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at the 480nm, the wavelength associated with circadian rhythm response. So, if we suggest this peak lies outside the zone of influence are there other factors we are not paying enough attention to such as illuminance levels, mental focus and exhaustion? Assuming “tuneable” lighting does have an impact on circadian rhythms, how does “tuning” to a circadian responsive level where a CCT may be as low as candle light (resulting in low rendering of colours) impact on the shift worker who is carrying out detailed work within a hospital? And how does circadian lighting make a lasting difference if occupants still have to navigate the value managed lighting of restrooms, corridors, elevators, entry foyers and street lighting, not to mention daylight when they might be expecting to go home and sleep? Are there other ways to support circadian rhythms? Outside trying to emulate a balanced diurnal cycle in environments where the solar day can be extremely long or short there is little evidence that trying to control or support circadian rhythms of shift workers is entirely effective. There are simply too many variables, however it has been noted that a reduction in illuminance is equally effective and this allows for specific task areas to have a focussed lighting that does not impact on the ambient light levels or CCT. With a considered design approach, the role of focussed lighting may also play a dual role in wayfinding for visitors and patients alike. In wards it is also possible that the application of paint colour that absorbs the higher energy spectrum of higher CCT ward task lighting employed at night would reduce the ambient colour temperature and reduce the assumed impact of blue light. During the day direct daylight penetration would trigger the daytime circadian response of patients looking out through windows while controlling the circadian spectrum when privacy curtains are closed. So how does this then relate to the importance of value management in the hospital and should we be honest and admit that “value management” is a term misused to make the act of “cost saving” more palatable rather than managing value. It’s not entirely clear how “colour Tuneable” and COI lighting is of benefit to clients. It’s a simplified question, but if circadian rhythms can be supported by other means and Cyanosis observation is being superseded by the use of pulse oximeters, why would we specify these light sources when the standardisation of high quality
light would enhance the welfare of patients, staff and visitors within our hospitals?
ABOUT THE AUTHOR Simm Steel is the Principal Lighting Designer at Steensen Varming specialising in Museum lighting, and as part of the Steensen Varming holistic lighting approach, considers electric lighting and daylighting as intrinsically linked. He has worked on major projects with acclaimed international artists and leading architects on projects that have received numerous awards from the Illuminating Engineering Society of Australia and New Zealand and the International Association of Lighting Designers. Simm teaches the Subjective Analysis in Lighting Design unit for the Illumination Design Master’s program at The University of Sydney, is a member of the judging panel for the Illuminating Engineering Society LiSDA and LiDA awards, and has authored a number of articles in lighting magazines and publications, and presents at various international lighting conferences and technical seminars.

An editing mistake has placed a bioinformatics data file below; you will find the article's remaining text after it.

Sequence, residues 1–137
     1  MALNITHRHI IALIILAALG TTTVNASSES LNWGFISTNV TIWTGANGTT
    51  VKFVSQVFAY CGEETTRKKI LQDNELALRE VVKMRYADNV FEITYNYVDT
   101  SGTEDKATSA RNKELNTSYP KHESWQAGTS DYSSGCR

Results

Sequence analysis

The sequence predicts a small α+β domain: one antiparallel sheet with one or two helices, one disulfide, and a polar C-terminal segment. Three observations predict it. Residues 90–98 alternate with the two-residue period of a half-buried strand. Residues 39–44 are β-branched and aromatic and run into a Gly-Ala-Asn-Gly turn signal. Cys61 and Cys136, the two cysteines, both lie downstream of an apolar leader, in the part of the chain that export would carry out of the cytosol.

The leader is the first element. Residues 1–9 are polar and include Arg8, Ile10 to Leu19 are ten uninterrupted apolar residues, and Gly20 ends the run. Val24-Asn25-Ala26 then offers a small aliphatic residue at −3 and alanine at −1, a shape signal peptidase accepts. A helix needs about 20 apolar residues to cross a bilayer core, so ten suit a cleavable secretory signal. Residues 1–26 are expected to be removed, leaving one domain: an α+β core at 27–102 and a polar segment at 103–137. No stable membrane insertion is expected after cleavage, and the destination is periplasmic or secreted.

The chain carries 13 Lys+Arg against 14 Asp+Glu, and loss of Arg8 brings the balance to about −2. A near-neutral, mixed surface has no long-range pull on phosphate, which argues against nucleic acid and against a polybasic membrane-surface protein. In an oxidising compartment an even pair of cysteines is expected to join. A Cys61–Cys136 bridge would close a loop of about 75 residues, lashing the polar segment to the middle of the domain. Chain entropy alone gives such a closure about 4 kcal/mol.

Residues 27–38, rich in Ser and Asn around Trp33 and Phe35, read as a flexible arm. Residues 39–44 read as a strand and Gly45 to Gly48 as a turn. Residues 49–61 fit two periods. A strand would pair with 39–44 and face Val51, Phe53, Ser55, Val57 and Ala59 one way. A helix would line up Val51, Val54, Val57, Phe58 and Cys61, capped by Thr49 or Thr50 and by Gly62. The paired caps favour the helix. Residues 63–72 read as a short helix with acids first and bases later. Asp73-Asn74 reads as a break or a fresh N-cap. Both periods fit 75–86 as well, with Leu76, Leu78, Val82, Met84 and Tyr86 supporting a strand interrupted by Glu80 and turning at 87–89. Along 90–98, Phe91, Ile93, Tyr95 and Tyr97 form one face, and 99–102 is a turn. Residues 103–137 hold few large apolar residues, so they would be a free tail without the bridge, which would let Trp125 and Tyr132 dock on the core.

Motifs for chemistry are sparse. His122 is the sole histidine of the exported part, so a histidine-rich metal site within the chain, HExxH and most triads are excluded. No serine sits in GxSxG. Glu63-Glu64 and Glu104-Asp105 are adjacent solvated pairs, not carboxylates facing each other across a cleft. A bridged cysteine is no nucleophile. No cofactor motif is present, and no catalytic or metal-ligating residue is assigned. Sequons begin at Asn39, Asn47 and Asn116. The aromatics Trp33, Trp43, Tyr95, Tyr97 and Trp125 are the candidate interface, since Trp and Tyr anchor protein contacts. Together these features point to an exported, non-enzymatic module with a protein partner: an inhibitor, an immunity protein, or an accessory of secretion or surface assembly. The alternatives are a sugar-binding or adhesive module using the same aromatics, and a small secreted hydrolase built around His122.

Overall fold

The SLL represents the interests of all those interested in the application of light. It is open to everyone with an interest in lighting.
CITATIONS 1. Color changes in cyanosis and the significance of congenital dichromasy and lighting Stephen Dain. First published: 15 October 2007 https://doi.org/10.1002/col.20353 https://onlinelibrary.wiley.com/doi/pdf/10.1002/col.20353 2. Color awareness: A must for patient assessment https://www.americannursetoday.com/color-awareness-a-mustfor-patient-assessment/ 3. LIGHTING AND CYANOSIS J.O. MORGAN-HUGHES. https://doi.org/10.1093/bja/40.7.503 4. Melanopsin-Positive Intrinsically Photosensitive Retinal Ganglion Cells: From Form to Function Tiffany M. Schmidt, Michael Tri H. Do, Dennis Dacey, Robert Lucas, Samer Hattar and Anna Matynia Journal of Neuroscience 9 November 2011, 31 (45) 16094-16101; DOI: https://doi.org/10.1523/JNEUROSCI.4132-11.2011 5. Berson DM, Dunn FA, Takao M (Feb 2002). “Phototransduction by retinal ganglion cells that set the circadian clock”. Science. 295 (5557): 1070–3. doi:10.1126/science.1067262. PMID 11834835. 6. http://www.cree.com/led-components/media/documents/ XLampXPE.pdf